AA and DL used covid to ground less efficient older aircraft; DL had the aircraft on order to replace what it grounded while AA did not. DL has replaced the aircraft it grounded with more efficient aircraft while AA has not.
    UA decided to not ground aircraft so it could quick restart operations when international demand returned and they got a one quarter advantage – and no more – in 3Q2023 as AA and DL did not have staff and airplanes ready.

    UA has a less efficient international fleet than AA or esp. DL. All the arguments about UA making money with old, less efficient aircraft misses the point that UA execs including Kirby has repeatedly said that it intends to have financial metrics at the top of the industry. Kirby said during one of his first quarters at UAL that he intended to match DL’s profit margins. He hasn’t made THAT direct comparison near as much but does talk about UA’s need to be a top choice airline from a financial perspective.
    Your statements and those of other commenters ignore that Kirby and UA execs know that UA has to be financially comparable to the best in class in order to attract capital including getting the best interest rates for its massive fleet spending. They burned cash in 2023 while AA, DL and DL all had free cash flow.

    Delta doesn’t largely make comparisons to other airlines. or other airline hubs. JFK is a larger international gateway than EWR, LAX is larger than SFO and BOS is a larger total market than IAD
    – on top of ATL being a larger hub than UA’s two largest hubs COMBINED and DL carries more international revenue through ATL than UA does from ANY of its hubs. To state that DL doesn’t have the hubs to support international growth is pure hubris.

    UA is smaller in NYC and at EWR than it was a year ago because it has had to shrink its operations in order to regain operational reliability. DL has a 15-20% larger operation in NYC depending on the month. You have no idea of the costs for DL to operate its NYC hubs but CPE for all 3 airports shows that there is little to no difference.

    cherrypicking a good CASM number – which is driven by stage length – given that UA has a longer stage length – but ignoring RASM or Profit per ASM proves you don’t want to use real data but push an agenda. DL is more profitable as a result of its better RASM/CASM relationship.

    UA is free to use older aircraft but then shouldn’t complain about not making its financial goals – or changing them to avoid the comparisons they previously did.

    The B787-9 and A350-900 have similar costs per seat to operate but the A350 is larger and has more range in the best versions currently available. DL previously operated the 777LR and used its capabilities (ATL-BOM) and has never said they aren’t interested in ultra long haul routes which UA operates plenty of. The A350-1000 is simply the most capable and efficient large longhaul aircraft. Every one of the top 10 global airlines has a new generation large twin widebody on order or in their fleet; UA is the only one that doesn’t have the A350-1000 on order or in their fleet or have the 777X on order. To think that UA can economically compete with the 787 and a bunch of low efficiency 777s is mighty naive.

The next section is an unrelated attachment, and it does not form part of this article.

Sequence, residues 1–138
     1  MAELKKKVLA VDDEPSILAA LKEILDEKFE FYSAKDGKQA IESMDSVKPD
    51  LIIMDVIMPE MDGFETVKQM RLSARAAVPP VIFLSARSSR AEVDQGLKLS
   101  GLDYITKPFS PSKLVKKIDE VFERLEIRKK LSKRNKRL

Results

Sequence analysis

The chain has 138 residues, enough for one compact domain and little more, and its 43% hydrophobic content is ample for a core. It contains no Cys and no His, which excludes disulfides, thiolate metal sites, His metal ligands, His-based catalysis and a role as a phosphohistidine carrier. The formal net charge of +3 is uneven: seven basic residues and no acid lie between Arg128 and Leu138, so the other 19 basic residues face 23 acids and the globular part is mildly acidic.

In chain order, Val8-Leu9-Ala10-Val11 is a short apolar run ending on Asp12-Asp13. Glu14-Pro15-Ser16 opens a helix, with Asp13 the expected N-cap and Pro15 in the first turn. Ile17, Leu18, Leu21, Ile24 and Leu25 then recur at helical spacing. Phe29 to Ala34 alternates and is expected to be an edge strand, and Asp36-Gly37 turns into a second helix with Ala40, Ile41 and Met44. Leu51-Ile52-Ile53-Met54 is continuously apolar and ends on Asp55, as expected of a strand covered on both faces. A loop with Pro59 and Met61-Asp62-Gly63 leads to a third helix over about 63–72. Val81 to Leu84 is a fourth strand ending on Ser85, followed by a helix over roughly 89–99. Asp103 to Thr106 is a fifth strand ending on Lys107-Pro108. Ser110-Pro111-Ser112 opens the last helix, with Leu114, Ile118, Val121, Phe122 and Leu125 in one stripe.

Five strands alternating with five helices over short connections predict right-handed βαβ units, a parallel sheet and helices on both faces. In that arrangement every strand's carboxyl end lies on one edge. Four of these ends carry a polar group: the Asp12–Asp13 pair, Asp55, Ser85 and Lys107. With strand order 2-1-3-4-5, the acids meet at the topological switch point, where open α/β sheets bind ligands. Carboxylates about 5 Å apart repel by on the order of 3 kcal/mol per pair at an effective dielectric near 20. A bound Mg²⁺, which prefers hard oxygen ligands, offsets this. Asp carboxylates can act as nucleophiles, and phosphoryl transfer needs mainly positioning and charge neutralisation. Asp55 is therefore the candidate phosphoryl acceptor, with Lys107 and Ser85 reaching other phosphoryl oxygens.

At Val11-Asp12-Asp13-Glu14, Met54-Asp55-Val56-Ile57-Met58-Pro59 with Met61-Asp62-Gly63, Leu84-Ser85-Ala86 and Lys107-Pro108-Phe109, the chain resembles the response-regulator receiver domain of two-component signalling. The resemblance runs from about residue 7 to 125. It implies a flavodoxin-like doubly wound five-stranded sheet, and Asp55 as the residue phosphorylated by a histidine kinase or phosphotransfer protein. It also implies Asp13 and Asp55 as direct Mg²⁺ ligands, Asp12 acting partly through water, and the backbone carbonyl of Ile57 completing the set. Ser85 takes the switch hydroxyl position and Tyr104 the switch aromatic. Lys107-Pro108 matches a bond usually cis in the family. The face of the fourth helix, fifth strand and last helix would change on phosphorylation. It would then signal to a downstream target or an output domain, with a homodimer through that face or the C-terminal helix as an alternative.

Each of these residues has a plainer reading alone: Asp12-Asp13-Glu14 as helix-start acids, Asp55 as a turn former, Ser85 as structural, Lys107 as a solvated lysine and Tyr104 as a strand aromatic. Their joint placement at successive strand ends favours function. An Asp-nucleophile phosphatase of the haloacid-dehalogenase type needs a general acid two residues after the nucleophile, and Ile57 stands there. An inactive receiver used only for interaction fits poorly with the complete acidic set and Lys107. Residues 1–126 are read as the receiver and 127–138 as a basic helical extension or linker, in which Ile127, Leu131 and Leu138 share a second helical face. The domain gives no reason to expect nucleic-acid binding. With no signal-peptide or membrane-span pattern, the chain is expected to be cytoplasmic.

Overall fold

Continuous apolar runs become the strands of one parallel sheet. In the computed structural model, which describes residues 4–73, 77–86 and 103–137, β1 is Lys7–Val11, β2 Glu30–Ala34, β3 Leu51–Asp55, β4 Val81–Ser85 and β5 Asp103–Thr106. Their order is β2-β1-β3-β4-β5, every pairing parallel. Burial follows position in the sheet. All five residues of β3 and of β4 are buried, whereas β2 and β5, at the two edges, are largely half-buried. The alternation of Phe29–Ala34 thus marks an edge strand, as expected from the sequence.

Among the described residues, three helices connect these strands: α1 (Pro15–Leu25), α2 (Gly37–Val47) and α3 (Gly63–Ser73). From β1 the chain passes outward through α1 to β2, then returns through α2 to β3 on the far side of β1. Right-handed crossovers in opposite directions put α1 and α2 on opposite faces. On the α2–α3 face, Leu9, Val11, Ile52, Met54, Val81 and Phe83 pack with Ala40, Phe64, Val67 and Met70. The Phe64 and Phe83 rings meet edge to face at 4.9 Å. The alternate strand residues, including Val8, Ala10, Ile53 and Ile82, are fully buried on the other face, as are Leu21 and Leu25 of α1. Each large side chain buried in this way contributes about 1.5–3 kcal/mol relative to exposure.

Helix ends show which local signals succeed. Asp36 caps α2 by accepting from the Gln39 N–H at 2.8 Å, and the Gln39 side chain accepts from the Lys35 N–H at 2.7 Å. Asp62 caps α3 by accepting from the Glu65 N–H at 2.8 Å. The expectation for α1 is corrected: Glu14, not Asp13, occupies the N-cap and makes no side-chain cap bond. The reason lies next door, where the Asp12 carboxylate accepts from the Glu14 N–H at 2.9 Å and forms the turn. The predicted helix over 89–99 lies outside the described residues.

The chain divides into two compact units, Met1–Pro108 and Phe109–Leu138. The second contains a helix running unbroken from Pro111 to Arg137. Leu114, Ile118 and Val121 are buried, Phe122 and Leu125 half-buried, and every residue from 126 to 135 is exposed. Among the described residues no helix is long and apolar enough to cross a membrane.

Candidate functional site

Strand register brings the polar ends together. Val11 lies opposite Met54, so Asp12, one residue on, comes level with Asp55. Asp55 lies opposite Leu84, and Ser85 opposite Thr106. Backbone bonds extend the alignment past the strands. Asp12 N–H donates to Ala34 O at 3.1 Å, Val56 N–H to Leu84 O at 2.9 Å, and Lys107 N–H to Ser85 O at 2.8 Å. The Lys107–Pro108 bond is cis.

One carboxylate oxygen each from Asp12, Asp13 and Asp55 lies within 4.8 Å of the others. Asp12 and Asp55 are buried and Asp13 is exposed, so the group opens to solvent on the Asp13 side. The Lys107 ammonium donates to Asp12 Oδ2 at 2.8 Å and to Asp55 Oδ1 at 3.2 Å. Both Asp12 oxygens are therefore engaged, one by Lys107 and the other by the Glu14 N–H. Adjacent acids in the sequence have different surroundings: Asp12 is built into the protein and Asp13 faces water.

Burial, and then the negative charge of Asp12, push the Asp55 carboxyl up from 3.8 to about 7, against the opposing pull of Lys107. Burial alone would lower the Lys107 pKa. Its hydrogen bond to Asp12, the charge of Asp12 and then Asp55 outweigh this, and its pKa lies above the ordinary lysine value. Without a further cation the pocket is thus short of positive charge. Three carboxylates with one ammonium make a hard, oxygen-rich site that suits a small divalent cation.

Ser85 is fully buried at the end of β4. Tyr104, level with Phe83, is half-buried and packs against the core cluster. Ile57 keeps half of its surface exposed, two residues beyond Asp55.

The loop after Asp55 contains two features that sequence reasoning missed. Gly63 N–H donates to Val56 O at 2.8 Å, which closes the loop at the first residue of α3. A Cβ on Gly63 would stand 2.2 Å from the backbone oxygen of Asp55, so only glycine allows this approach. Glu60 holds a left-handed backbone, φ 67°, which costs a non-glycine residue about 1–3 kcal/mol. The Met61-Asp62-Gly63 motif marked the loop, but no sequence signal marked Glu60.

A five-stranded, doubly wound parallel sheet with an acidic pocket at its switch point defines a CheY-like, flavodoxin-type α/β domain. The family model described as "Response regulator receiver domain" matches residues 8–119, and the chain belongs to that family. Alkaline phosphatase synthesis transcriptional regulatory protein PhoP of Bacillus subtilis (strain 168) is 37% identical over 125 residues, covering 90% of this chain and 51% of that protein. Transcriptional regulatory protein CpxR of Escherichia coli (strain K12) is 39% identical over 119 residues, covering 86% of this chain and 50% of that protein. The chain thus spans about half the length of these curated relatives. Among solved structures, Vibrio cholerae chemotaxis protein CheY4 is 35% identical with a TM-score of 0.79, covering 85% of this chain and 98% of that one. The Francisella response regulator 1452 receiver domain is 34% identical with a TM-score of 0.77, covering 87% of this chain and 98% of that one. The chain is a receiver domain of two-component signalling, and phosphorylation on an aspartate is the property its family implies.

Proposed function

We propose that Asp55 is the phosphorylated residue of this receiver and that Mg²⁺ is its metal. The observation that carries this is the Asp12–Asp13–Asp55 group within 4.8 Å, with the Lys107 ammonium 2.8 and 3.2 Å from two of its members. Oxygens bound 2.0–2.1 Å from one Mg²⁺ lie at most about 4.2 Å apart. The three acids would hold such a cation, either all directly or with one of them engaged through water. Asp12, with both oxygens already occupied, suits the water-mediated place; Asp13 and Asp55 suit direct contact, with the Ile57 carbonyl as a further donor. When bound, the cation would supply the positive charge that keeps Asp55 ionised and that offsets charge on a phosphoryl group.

Plenty of people make the assumption that because DL is moving slowly and methodically in rebuilding its network that it isn’t interested in ULH routes or strong growth. and yet nothing could be further from the truth – and driven only by bias, mostly from UA fans like yourself.
    DL will grow where it is profitable to do so. UA cannot continue to grow where it cannot make money.

    DL made $2 billion more than UA in 2023. If DL can figure out how to make that much more money on the bottom line and run a bunch of supposedly underperforming or money-losing hubs (according to a whole lot of people) then WTF has UA been doing for the past 40 years?

    And Kirby DOES have the right strategies. He just thinks he can fix all of UA’s strategic problems in a couple years, that other airlines won’t challenge his plans or also grow, and he minimizes the huge risks involved in his plans including in trying to grow in competitive domestic markets where UA has been weak for years.

    feel free to reply if you are interested in a discussion and interacting w/ all points and not just to push yours.

    And, yes, it will take the better part of the decade to see whether DL or UA had the better strategy – but we will see pretty early clues within a few years.

    I’m not mocking your user name but find it ironic that you highlight an aircraft that DL has figured out how to use but UA has not and has nothing comparable in their fleet.

  23. If by “mutual understanding” you means listening to your “pushed perspective” of DL being No1 then sure, I can do that.

    One sentence you argue that UA puts prestige and size over profit and thats bad and the next you’re bragging about DLs size and stats. Go figure

    Arguing that UA has a less fuel efficient fleet misses the point as UA already has their replacements on order. You don’t see me criticising DL for still having 757s or 737-900ERs in 2011 when they have A321Neos on order.

    Their hubs are not as good international gateways compared to United. Simple as that.